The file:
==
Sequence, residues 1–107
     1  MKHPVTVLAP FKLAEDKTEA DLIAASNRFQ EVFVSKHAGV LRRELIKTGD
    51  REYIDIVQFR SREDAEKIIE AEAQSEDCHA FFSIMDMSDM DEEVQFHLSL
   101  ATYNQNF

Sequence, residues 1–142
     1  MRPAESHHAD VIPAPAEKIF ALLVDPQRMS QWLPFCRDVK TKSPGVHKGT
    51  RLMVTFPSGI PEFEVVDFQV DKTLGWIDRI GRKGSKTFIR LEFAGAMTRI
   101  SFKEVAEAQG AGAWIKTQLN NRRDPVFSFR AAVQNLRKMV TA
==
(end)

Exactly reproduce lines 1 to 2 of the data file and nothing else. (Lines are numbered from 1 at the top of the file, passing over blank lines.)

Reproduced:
Sequence, residues 1–107
     1  MKHPVTVLAP FKLAEDKTEA DLIAASNRFQ EVFVSKHAGV LRRELIKTGD